Something to think about: A day without Mexicans in Chicago


How will Chicago, and the country,
answer the Mexican question? Will Mexican immigrants ever learn English
and become “real” Americans? As two third-generation Eastern Europeans
we know the same question was asked about our grandparents. Now we are
hearing some immigrant-descended parents asking the same things about
current immigrants.

One of us is the grandson of an immigrant Slovak who worked as a
butcher in Chicago’s stockyards; the other’s grandfather was an
immigrant Bohemian carpenter. We are especially sensitive, therefore,
to the historical fact that the major impetus for the Immigration
Restriction Act of 1924 was the eugenics movement of that time.
Eugenicists, characterized by one historian as fearing that “the
American gene pool was being polluted by a rising tide of
intellectually and morally defective immigrants–primarily from Eastern
and Southern Europe,” played a significant role in ending the greatest
era of immigration in U.S. history. Evolution performs miracles,
apparently. Through some highly improbable genetic mutation–possibly a
recessive or airborne gene–the Slovak grandson is now teaching college
classes to another group of questionable immigrants, Mexicans; the
Bohemian grandson is a researcher of Latino immigration. Fitting
careers for Slovak and Czech descendants since, after all, Eastern
Europeans were the Mexicans of their day.

So, what would a day
without Mexicans be like for Chicago–and, more to the point, what does
such a day tell us about what life would be like if there were no
Mexicans in Chicago at all?

– When you wake up in the morning
think twice about indulging in the luxury of someone else making your
coffee and cooking your breakfast at a neighborhood cafe or restaurant.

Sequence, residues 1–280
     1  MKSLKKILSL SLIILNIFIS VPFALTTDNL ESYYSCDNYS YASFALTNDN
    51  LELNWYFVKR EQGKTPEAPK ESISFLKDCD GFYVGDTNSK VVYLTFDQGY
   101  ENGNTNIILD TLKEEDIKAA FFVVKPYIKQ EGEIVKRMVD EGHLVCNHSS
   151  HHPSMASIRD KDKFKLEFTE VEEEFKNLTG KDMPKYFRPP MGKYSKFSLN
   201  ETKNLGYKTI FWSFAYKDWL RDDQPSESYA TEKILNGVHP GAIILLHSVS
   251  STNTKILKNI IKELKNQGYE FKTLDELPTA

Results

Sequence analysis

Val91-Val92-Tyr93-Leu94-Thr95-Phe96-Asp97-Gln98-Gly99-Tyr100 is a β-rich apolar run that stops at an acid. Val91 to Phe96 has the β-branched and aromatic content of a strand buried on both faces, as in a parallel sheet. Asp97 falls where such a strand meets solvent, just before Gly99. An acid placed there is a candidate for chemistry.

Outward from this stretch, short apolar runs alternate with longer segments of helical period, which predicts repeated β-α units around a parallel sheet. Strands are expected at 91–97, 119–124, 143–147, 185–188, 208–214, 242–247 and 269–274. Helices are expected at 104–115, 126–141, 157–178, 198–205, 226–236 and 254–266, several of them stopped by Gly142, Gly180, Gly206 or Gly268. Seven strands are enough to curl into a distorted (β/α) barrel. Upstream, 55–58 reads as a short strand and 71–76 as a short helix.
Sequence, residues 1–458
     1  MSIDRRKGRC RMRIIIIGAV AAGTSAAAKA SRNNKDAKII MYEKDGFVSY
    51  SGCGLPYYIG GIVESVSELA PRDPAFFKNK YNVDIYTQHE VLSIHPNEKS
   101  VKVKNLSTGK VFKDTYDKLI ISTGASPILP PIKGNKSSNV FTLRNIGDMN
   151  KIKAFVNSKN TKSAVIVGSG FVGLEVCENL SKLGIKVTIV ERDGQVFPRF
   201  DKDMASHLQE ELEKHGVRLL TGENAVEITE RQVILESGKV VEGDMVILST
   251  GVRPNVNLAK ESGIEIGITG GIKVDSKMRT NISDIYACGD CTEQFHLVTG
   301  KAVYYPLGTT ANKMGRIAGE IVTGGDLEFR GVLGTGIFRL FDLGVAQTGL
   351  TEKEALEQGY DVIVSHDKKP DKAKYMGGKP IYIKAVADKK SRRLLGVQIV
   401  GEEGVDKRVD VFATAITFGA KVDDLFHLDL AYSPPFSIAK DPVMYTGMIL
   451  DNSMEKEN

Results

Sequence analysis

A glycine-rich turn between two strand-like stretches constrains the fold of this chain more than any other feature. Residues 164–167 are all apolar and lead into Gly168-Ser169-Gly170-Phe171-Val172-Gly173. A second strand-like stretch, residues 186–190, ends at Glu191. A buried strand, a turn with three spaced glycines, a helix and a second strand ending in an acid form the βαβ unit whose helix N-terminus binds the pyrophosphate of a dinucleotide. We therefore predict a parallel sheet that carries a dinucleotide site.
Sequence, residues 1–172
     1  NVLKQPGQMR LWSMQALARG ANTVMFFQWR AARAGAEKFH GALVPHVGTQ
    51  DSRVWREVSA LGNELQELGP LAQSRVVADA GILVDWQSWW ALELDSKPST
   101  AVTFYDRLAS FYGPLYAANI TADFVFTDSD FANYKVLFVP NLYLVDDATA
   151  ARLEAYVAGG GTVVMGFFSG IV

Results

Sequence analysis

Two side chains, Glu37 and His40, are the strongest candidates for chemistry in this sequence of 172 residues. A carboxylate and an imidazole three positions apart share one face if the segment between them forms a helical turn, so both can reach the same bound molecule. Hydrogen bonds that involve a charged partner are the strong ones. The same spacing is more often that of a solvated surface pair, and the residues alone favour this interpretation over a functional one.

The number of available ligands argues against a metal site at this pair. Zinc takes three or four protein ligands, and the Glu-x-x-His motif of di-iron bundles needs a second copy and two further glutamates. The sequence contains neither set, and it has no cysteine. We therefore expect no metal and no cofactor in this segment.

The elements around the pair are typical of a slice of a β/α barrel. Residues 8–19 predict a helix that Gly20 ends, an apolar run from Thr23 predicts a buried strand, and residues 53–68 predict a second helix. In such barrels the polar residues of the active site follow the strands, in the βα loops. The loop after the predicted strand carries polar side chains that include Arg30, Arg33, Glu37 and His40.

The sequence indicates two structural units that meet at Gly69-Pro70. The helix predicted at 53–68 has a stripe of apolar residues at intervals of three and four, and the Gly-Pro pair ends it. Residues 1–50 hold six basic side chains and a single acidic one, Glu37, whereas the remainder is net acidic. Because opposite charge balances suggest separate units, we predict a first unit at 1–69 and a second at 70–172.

Almost all kitchen help, food-prep workers and cooks in Chicago are

– If any of you reading this are business travelers
staying in Chicago for a couple of days, you had better get used to the
idea of making your own bed Thursday morning; the hotel housekeeping
staff is almost entirely immigrant and largely Mexican.

You’ll have a slow day if you sell meat or poultry; close to 100
percent of Chicago’s packing-house cutters and meat packers are Mexican.

– On construction crews the “Mexican work” will have to be done by
other guys, since there will be a severe shortage of drywallers and

– City landscaping crews engaged in the ongoing
beautification of Chicago parks, parkways and public spaces will need
to pull a few weeds today; no trees or shrubbery will be on hand since
the suburban nursery workers who dig, burlap-wrap and load trees and
shrubbery for planting are, yes, you’ve guessed it, Mexican.

And if you think you deserve a break tonight to think over your
position on “the Mexican issue” and eat Japanese, you may experience a
bit of a wait for your food since nearly a third of all Chicago sushi
chefs are Mexican.

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